Don’t Let Me Down

Past Masters album artworkWritten by: Lennon-McCartney
Recorded: 21, 22, 24, 27, 28, 29, 30 January 1969
Producer: George Martin
Engineer: Glyn Johns

Released: 11 April 1969 (UK), 5 May 1969 (US)

John Lennon: vocals, rhythm guitar
Paul McCartney: harmony vocals, bass
George Harrison: harmony vocals, lead guitar
Ringo Starr: drums
Billy Preston: electric piano

Available on:
Past Masters
Let It Be... Naked

Although just one new song (Dig A Pony) by John Lennon made it onto the Let It Be album, he did compose this love song to Yoko Ono, which was recorded during the same sessions and released as the b-side to Get Back.

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As with Abbey Road's I Want You (She's So Heavy), Don't Let Me Down was a lyrically simple and direct song inspired by his infatuation with Ono.

When it gets down to it, when you're drowning, you don't say, "I would be incredibly pleased if someone would have the foresight to notice me drowning and come and help me," you just scream.
John Lennon
Rolling Stone, 1970

Although Lennon was revealing his feelings and fears in song as far back as 1964's If I Fell and I'm A Loser, Don't Let Me Down was one of the first examples of the raw soul-baring that would reach a peak on Cold Turkey and the John Lennon/Plastic Ono Band album.

It was a very tense period: John was with Yoko and had escalated to heroin and all the accompanying paranoias and he was putting himself out on a limb. I think that as much as it excited and amused him, and the same time it secretly terrified him. So Don't Let Me Down was a genuine plea... It was saying to Yoko, 'I'm really stepping out of line on this one. I'm really letting my vulnerability be seen, so you must not let me down.' I think it was a genuine cry for help. It was a good song.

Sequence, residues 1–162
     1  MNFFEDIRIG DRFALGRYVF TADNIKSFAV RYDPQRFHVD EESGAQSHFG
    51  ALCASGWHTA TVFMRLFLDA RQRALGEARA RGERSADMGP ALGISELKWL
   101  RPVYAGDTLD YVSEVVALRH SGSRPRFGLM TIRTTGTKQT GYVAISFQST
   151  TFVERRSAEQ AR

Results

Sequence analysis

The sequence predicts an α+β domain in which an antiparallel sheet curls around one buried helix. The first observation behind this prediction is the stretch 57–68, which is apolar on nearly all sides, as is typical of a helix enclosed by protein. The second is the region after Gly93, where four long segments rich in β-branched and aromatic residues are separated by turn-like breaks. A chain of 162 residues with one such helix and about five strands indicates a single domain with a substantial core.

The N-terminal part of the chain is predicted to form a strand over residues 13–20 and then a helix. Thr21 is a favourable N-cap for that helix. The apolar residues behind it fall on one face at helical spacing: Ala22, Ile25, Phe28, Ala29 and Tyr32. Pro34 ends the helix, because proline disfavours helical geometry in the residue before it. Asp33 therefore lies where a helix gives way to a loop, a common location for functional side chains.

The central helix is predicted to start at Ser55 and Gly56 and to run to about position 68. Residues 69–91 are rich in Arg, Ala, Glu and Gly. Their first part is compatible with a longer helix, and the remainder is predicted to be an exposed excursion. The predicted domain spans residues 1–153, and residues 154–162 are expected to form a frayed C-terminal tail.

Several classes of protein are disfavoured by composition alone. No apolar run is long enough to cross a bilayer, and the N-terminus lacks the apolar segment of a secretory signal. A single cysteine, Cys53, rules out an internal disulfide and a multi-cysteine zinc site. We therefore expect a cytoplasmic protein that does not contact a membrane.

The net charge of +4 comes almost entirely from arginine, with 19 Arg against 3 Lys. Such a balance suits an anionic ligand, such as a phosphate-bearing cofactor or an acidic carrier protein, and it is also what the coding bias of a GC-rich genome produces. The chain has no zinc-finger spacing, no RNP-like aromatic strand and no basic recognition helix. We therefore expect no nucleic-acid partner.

Paul McCartney
Many Years From Now, Barry Miles

Don't Let Me Down was released as the flip-side of Get Back in the UK in April 1969, and in the US in May. Like its a-side, the song was credited to The Beatles with Billy Preston.

By the way, Rod Stewart turned Don't Let Me Down into [sings] 'Maggie don't go-o-o.' That's one that the publishers never noticed. Why didn't he just sing Don't Let Me Down? The same reason I don't sing other people's stuff, either: because you don't get paid.
John Lennon
All We Are Saying, David Sheff

In the studio

The Beatles' first studio recording of Don't Let Me Down was taped on 21 January 1969 at Apple, although rehearsals of the song had been filmed earlier in the month at Twickenham Film Studios.

A version from the following day was selected for inclusion in the unreleased Get Back album, along with a snippet of speech in which Lennon asked Starr to hit the cymbals hard after the intro, to "give me the courage to come screaming in."

On 28 January The Beatles and Preston recorded the version which ended up on the Get Back single. They taped it twice again two days later on the roof of Apple, the first of which was included in the Let It Be film.

We recorded it in the basement of Apple for Let It Be and later did it up on the roof for the film. We went through it quite a lot for this one. I sang harmony on it, which makes me wonder if I helped with a couple of words, but I don't think so. It was John's song.
Paul McCartney
Many Years From Now, Barry Miles

An edit of the two rooftop performances was included on 2003's Let It Be... Naked, in place of Dig It and Maggie Mae.

64 responses on “Don’t Let Me Down

    1. grego mac

      ME TOO!! My preference would have been for them to leave that in for the Naked version. I had a VHS copy of the film, and played that bit over & over. I still do that when watching Anthology.

  1. David

    Phil Spector totally ruined the Let It Be album, and one of his massive blunders was not including this song. It’s absolutely fantastic, one of my five favorite John songs. Spector also butcherd “Across the Universe” and “The Long and Winding Road” with his overproduction. Fortunatley, he’s in jail now.

  2. Ian

    David: It’s interesting to note that Lennon disagreed with you, as do I, particularly about “Across The Universe.”

    Also, I don’t think Spector’s “over-production” of music has any bearing on why he’s been imprisoned…better examples would be the ill-treament he inflicted on his wife, and the rather insane behaviour he showed during the sessions for what would become Lennon’s “Rock ‘N’ Roll.”

  3. robert

    Does anyone know why Don’t Let Me Down was not included on Let It Be? Any discussion amongst the band or Spector about why it was omitted?

    I know Paul put it on Let It Be Naked – but why was it kept of in the first place?

  4. Joseph Brush

    Don’t Let Me Down was released on the Hey Jude (or The Beatles Again album) which was released just prior to LIB (if memory serves me right).
    I guess that was the reason.
    I was very disappointed with the omission because LIB cost a lot of money back then. LIB originally was released in a black box with a beautiful colour book (at least in the USA and Canada).